Garage Band Quality?

Discussion in 'Digital Audio' started by BlackJack325, Dec 3, 2010.

  1. BlackJack325, Dec 3, 2010
    Last edited: Dec 3, 2010

    BlackJack325 macrumors member

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    #1
    Hello everyone, just picked up my first 17" MBP a couple of weeks ago and its awesome... always wanted one. Ive heard of Garageband but Ive never heard a mastered CD out of it.

    Wanting to know, how good is Garageband to edit and does it have plug ins, like preamps, compressors and things like that. Also, how many plug ins can you use per track?

    I currently record out of a Roland VS-2000 CD, its good, but I want to be able to use aftermarket components to edit my instruments/vocals. But I would need hardware, and as you all know hardware is way more expensive.

    One of my main questions is, can you record more than 1 track at a time? Particularly about 6 at a time. (1 track per piece on the drum set) I mic up my drum set and it takes about 6 mics, then record my B-52 amp via a mic as well. I use all Shure SM57 mics, PG Shure mics for my drum set and for vocals/acoustic im using a Blue Bird condenser mic.

    Also, how can I use my Studio Monitors to listen to Garageband? Monitors use 1/4" jacks to plug into my Roland studio. Would I just need reducers to plug into the 1/8" headphone jack or what?

    Thanks :apple:
     
  2. QuarterSwede macrumors G3

    QuarterSwede

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    #2
    You might want to edit the title to read GarageBand and not "Garage Bank."
     
  3. BlackJack325 thread starter macrumors member

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    #3
    :)
     
  4. BlackJack325 thread starter macrumors member

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    #4
    oh... if it helps.
    I play mellow, blues rock.
    So its Drums, Guitar, Bass, Vocals and a bit of Keyboard.

    So no drum/beat machines.
     
  5. BlackJack325 thread starter macrumors member

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    #5
    Anyone???

    Well, I went to Guitar Center to ask about this. They said I should just upgrade my recording equipment and use my Mac to record.

    They recommended the M-Audio ProFire 2626 which includes ProTools 8, I think its a small version but should work to get me started. He also suggested that I get Logic 9 Express.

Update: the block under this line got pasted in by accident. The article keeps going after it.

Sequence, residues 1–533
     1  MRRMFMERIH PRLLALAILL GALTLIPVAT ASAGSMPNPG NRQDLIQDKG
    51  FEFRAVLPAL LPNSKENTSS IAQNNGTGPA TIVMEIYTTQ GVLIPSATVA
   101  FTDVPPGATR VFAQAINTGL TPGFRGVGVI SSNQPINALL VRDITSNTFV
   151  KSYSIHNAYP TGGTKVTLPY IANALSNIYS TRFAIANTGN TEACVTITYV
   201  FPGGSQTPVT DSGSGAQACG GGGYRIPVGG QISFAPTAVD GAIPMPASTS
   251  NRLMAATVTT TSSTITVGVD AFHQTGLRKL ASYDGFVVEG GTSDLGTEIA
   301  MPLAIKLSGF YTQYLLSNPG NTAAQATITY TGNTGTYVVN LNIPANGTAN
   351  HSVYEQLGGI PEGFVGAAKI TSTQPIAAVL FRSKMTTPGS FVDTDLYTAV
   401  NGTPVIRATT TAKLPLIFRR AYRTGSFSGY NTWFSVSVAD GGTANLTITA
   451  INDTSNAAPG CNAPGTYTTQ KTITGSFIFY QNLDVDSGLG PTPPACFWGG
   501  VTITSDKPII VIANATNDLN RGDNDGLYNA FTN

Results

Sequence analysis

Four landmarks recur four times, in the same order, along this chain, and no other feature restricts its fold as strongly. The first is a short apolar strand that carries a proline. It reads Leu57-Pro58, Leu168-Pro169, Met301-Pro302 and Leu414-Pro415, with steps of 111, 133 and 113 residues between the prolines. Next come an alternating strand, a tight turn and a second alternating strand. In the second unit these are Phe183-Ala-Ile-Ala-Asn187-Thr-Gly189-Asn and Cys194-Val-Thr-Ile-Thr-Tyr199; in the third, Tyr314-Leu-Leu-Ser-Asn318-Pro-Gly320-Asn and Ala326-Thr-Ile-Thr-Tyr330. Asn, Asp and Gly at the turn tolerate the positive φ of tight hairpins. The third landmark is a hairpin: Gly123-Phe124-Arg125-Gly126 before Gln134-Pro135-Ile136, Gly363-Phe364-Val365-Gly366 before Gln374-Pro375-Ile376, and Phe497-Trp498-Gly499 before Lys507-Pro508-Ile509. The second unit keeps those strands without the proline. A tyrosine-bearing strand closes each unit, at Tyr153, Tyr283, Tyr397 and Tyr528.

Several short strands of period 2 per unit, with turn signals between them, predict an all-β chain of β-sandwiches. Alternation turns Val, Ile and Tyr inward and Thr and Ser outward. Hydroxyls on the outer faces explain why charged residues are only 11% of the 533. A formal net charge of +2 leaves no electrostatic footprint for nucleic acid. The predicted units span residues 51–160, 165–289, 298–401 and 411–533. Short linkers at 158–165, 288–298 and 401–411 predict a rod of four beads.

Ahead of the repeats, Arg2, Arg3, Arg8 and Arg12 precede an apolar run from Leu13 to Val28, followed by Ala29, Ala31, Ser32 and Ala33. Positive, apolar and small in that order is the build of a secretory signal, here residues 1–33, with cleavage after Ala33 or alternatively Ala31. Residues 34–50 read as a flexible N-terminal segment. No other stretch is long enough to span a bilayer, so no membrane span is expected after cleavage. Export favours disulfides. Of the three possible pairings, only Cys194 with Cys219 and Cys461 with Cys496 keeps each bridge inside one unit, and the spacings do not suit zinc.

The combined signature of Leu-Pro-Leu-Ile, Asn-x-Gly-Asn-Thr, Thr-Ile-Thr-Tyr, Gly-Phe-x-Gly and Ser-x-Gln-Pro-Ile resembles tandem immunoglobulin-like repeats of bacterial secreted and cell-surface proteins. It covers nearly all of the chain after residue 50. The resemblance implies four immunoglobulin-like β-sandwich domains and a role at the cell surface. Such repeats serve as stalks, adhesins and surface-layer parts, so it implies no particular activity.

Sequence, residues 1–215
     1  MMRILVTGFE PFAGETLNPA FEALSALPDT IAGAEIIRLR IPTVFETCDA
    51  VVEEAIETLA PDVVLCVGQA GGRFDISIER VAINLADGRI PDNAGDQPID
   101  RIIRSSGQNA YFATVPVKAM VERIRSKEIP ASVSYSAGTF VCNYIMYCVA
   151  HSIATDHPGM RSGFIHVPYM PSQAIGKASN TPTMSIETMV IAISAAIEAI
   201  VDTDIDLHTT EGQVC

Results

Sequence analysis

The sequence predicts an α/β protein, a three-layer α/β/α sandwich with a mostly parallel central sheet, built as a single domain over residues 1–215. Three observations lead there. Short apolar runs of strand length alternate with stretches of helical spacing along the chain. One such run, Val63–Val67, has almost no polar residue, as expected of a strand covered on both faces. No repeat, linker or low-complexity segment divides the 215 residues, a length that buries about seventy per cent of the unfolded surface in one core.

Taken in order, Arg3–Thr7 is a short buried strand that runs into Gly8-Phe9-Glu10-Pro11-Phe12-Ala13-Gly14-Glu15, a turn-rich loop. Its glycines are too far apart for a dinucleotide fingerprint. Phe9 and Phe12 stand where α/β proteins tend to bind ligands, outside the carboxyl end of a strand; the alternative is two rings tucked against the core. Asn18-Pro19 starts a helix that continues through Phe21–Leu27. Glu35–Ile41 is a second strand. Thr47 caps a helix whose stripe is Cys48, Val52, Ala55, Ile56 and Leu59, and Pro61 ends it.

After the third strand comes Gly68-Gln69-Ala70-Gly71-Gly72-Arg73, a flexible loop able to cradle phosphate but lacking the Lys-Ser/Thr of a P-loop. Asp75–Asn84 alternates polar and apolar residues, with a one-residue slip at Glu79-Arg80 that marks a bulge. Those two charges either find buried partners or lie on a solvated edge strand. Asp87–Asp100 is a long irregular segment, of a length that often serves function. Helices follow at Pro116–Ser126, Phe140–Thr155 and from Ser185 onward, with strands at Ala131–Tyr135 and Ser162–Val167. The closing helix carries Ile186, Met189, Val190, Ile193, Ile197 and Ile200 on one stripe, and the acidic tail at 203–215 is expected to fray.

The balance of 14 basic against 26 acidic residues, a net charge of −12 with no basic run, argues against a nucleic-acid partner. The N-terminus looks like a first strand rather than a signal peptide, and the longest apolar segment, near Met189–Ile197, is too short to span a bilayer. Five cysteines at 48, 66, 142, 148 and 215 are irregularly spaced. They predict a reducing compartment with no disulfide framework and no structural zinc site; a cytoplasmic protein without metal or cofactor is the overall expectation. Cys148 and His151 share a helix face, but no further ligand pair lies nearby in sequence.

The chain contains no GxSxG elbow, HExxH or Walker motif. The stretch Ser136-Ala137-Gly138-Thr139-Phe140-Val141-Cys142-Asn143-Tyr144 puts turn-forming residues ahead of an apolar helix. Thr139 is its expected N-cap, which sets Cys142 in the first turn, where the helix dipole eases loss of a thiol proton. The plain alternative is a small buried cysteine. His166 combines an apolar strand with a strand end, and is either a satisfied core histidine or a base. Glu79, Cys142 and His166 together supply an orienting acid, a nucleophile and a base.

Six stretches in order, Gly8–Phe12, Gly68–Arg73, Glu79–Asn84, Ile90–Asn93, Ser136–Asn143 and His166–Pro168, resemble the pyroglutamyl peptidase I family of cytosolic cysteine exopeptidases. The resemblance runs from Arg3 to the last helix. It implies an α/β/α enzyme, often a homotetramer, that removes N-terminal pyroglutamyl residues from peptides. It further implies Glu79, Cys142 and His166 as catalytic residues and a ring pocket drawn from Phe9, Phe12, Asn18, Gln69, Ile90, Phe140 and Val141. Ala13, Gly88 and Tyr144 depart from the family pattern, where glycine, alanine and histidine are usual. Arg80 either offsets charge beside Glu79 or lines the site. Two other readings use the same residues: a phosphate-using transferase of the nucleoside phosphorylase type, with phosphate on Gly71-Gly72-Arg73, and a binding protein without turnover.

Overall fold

He showed me both ProTools and Logic on their computers and from the looks of it, ProTools looks kinda complicated and cluttered? Logic looks cleaner, don't know if that makes sense? Is it safe to assume that Logic is easier to use?

    Any suggestions on that M-Audio interface and if I should use ProTools or Logic. I've never used either one, what do you all think would be the best?
     
  6. zimv20 macrumors 601

    zimv20

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    #6
    software is personal, and i think it's vital that you try out a few different DAWs and use the one that makes the most sense to you.

    nothing wrong with GB to get up and running, and if you run into any limitations with it, you can get something else. but it's got a lot of features.

    be sure to also check out Cubase, Digital Performer, Record, Presonus Studio One, Reaper and Audacity. personally, i use PT, as that's the one that makes the most sense to me. (and, if you have any experience with working with a mixer and tape machine, i suggest you give it another look)

    don't let the GC guys talk you into a specific DAW, or try to sell you hardware before you've chosen your software.
     
  7. zimv20 macrumors 601

    zimv20

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    #7
    yes, it's the hardware interface that will dictate how many tracks you can record simultaneously.

    typically, you'd use that same hardware interface. many offer control room functionality (ability to hook up one or more speaker pairs, plus headphones, with volume controls).
     
  8. zimv20 macrumors 601

    zimv20

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    #8
    no, not at all. i find Logic completely confounding. as i said above, PT makes the most sense to me.

    that said, you won't find either DAW lacking in functionality, they all provide pretty much the same stuff. the differences are mainly workflow, what instruments/plug-ins are bundled with them, and what plug-in formats they use.
     
  9. ChrisA macrumors G4

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    #9
    Garage Band uses the same software "engine" as Apple's Logic. But far less of the engines' controls are exposed to the user. As for sound quality. The software will never be the weak link, just don't worry about that.

    you can record as many tracks as you like in GB until you reach some kind of hardware limit. Read more about GB here and notice the example screen shot has several audio tracks
    http://www.apple.com/ilife/garageband/

    How to plug together your hardware is not really related to Garage Band. Just buy whatever adaptors you need.

    GB does have limitations, one is that it can't send MIDI, there are many others. I always say to use GB until you find a good reason not to. Then upgrade to Logic Express. Logic will directly open GB projects so you don't look an work
     
  10. BlackJack325 thread starter macrumors member

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    #10